The PNP regulator above shows two transistors and an op-amp all within a unity-gain negative feedback circuit and although I said above that this has negative feedback (by the position of the red arrows), in fact it would sing like a canary. The "error-amp", if one assumed to be a standard off the shelf op-amp is already "close" to instability and adding the gain of two transistors would push into complete instability.

So, despite the error in the PMOS circuit in the OP's question we have to assume that the "op-amp" error amplifier is in fact a stable differencing amplifier with very little gain and very little phase shift.

Going to the OP's question about power dissipation, the power loss in either the PNP or PMOS regulator is most easily calculated by using the voltage difference across the transistor multiplied by the output current into the load.

The formula that uses I^2 and R is more akin to a switching regulator because the PMOS would alternate between "on" and "off".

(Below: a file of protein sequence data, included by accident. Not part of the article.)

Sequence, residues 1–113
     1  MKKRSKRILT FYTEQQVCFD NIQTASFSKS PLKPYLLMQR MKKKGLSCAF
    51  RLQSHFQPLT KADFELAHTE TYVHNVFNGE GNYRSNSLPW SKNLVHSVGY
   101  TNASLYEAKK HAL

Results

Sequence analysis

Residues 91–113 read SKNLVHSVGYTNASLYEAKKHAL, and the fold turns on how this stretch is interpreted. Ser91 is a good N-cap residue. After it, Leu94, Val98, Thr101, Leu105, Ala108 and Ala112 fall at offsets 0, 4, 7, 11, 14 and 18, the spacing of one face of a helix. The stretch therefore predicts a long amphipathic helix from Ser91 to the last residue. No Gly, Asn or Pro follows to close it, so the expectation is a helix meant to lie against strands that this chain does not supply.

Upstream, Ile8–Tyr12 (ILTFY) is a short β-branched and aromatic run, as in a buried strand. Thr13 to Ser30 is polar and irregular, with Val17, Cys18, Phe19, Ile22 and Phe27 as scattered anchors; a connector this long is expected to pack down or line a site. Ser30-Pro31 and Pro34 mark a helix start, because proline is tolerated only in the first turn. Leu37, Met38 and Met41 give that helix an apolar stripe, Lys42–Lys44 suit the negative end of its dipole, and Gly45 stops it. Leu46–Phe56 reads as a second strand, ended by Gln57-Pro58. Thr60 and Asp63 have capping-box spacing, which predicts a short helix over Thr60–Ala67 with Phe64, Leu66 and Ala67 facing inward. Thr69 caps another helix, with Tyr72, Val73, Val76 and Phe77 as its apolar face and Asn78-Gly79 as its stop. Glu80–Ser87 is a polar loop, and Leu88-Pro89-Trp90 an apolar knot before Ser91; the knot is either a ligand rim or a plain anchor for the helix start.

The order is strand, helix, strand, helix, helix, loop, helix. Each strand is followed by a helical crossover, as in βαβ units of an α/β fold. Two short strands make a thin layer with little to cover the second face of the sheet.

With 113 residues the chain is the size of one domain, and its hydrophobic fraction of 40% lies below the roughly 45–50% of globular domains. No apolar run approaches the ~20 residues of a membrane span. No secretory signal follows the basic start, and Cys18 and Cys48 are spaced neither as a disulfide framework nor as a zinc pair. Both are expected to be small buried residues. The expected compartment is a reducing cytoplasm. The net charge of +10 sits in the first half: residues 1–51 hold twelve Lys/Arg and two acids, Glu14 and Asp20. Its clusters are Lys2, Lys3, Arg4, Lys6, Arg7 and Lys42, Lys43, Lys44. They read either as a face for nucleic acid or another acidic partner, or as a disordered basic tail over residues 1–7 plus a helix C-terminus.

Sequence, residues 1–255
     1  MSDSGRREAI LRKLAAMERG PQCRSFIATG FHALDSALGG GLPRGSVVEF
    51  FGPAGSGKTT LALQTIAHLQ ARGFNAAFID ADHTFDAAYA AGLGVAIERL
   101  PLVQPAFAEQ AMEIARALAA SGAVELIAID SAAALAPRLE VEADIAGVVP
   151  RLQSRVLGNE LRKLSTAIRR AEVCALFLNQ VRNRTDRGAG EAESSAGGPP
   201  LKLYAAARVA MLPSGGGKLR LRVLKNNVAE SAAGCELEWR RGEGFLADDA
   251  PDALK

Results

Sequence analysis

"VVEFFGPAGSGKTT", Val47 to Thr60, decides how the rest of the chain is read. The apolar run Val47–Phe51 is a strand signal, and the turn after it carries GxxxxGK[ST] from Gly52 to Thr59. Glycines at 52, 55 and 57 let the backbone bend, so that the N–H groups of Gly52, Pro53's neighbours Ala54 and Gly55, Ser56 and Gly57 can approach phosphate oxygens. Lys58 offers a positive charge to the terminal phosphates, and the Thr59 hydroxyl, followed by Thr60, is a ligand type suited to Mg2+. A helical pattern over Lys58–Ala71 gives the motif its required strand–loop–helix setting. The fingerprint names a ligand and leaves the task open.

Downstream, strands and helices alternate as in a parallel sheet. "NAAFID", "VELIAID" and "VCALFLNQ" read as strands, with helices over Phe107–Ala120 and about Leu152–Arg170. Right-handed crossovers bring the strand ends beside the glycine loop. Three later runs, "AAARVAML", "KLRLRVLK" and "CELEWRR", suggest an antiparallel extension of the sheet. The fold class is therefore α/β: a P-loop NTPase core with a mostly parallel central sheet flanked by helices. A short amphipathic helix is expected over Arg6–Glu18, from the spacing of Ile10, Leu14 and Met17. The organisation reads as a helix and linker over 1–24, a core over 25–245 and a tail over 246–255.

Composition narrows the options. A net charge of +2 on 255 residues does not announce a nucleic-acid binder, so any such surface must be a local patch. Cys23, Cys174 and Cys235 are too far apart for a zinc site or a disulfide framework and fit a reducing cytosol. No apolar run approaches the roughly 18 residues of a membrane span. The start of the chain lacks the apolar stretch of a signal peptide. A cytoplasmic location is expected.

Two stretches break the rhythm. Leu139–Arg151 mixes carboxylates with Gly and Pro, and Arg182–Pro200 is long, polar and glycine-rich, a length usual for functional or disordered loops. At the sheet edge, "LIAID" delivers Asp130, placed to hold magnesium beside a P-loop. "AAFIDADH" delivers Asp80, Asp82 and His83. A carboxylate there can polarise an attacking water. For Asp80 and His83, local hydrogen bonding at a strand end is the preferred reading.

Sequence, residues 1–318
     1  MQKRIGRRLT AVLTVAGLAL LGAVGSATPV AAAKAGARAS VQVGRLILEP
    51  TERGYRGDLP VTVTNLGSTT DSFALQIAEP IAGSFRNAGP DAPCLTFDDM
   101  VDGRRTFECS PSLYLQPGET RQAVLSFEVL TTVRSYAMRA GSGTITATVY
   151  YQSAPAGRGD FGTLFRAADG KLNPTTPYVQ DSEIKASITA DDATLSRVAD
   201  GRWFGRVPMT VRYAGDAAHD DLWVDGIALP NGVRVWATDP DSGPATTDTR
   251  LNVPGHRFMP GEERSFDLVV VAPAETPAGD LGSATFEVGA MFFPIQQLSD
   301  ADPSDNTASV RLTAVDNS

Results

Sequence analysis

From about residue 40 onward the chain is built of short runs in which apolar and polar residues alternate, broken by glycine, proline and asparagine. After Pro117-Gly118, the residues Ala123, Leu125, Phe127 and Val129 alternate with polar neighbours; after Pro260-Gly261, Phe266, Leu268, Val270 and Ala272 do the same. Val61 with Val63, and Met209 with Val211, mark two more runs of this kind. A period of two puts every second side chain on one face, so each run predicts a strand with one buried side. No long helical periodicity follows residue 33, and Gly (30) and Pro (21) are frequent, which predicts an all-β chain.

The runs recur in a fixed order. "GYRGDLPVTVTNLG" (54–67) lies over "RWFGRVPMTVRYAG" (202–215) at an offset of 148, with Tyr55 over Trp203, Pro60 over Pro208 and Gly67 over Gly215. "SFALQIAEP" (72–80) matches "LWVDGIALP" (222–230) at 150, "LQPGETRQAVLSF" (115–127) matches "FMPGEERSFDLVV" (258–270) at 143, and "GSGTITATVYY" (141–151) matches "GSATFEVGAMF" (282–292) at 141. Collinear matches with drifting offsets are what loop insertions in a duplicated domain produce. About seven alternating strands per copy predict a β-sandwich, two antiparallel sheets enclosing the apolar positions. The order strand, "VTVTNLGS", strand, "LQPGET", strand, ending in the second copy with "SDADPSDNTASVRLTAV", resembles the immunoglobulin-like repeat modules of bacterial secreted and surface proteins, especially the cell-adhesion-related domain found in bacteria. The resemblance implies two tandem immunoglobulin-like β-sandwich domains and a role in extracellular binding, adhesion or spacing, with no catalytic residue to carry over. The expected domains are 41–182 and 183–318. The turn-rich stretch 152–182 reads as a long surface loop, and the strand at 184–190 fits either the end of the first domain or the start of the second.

Is it right then to assume that using large gain in the feedback loop of the PMOS voltage regulator, a quasi-PWM regulator is obtained?

I would say NO because there is no intention to control the operating frequency and the circuit would just hit the end-stops of the rails in one direction and stay there - it will not regulate.

The minor points: -

  1. I don't agree that FET regulator circuits are usually presented using JFETs - JFETs do not have the power to handle most applications and their "on" caharacteristic is usually very poor compared to the sub 10 milli ohms you can get from MOS
  2. Capacitive loads can both stabilize and de-stabilize both linear and switching regulators and this difficult to give examples and be succinct.

If I have missed something in the question, please let me know.

  • 2
    \$\begingroup\$ Andy, there are other reasons not to integrate the extra PMOS/BJT into the op-amp (beyond just gain vs stability). It would make a circuit that can only source current rather than source and sink. It would move a lot of power handling requirement into the op-amp package. It would probably change the process requirements. \$\endgroup\$